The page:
Thus, all manufacturing plants for proprietary audio material or software could be provided with unique identifying error information for that material which identifying error information is impressed into the master, and hence into any copies made therefrom, during manufacture. Methods and apparatus of the invention for determining the provenance of the discs can thereby reliably identify all genuine discs, and hence all counterfeits.

Methods and apparatus of the invention can be used not only to identify genuine or counterfeit discs, but also to deny access to the data on counterfeit discs.

BRIEF DESCRIPTION OF THE DRAWINGS

Embodiments of the present invention will hereinafter be described, by way of example, with reference to the accompanying drawings, in which

FIG. 1 shows schematically a data carrying disc with a spiral track,

FIG. 2 shows a frame format of data read from a CD,

FIG. 3 illustrates the format of a subcode block of data read from a CD,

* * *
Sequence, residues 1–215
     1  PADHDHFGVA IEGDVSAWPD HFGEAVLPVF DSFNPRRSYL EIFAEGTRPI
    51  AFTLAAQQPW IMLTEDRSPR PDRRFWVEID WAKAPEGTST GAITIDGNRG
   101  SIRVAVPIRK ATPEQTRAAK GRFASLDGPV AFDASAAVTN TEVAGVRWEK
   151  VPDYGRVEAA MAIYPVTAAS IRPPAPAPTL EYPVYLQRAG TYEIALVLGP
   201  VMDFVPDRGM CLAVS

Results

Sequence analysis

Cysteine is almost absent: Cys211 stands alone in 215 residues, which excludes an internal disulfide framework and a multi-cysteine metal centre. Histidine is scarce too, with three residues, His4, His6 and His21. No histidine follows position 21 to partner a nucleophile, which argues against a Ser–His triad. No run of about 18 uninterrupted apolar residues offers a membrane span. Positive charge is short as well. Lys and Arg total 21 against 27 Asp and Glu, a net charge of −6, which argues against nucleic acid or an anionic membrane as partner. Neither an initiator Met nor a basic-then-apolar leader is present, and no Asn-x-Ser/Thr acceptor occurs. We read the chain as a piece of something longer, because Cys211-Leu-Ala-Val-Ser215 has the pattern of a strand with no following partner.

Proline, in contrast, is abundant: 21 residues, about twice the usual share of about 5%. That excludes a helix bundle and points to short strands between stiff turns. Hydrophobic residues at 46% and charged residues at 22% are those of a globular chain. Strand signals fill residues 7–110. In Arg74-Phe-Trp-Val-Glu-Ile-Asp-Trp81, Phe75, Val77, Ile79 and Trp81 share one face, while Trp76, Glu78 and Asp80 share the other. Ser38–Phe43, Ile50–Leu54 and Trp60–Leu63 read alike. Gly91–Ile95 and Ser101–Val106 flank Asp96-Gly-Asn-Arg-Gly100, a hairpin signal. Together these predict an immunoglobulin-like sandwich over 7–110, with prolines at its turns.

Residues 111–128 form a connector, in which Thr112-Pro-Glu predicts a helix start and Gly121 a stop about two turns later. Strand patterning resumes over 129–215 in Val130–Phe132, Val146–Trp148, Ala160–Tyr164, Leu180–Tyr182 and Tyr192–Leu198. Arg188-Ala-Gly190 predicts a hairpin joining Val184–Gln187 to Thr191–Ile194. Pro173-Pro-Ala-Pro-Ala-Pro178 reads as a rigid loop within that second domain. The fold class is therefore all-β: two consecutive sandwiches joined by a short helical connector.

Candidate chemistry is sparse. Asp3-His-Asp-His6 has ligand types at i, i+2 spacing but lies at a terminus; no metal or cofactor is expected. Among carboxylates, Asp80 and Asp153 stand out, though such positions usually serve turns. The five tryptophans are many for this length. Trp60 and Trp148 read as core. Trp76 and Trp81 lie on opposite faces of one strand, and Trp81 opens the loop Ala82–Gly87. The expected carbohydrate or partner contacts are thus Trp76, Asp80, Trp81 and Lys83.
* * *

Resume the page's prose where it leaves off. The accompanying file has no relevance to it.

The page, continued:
FIG. 4 illustrates the general data format of the Q-subchannel,

FIG. 5 illustrates the formation of a list of the locations of data errors,

FIG. 6 shows a block diagram of apparatus of an embodiment of the invention for determining the provenance of a CD, and

FIG. 7 shows a diagram of apparatus for incorporating identifying error information into a CD.

DESCRIPTION OF PREFERRED EMBODIMENTS

As is made clear above, the present invention can be used for any data carrying discs where errors in the data on the discs arising out of the physical manufacturing process will be consistent for all discs originating from the same source. In particular, the invention can be used for CDs and DVDs.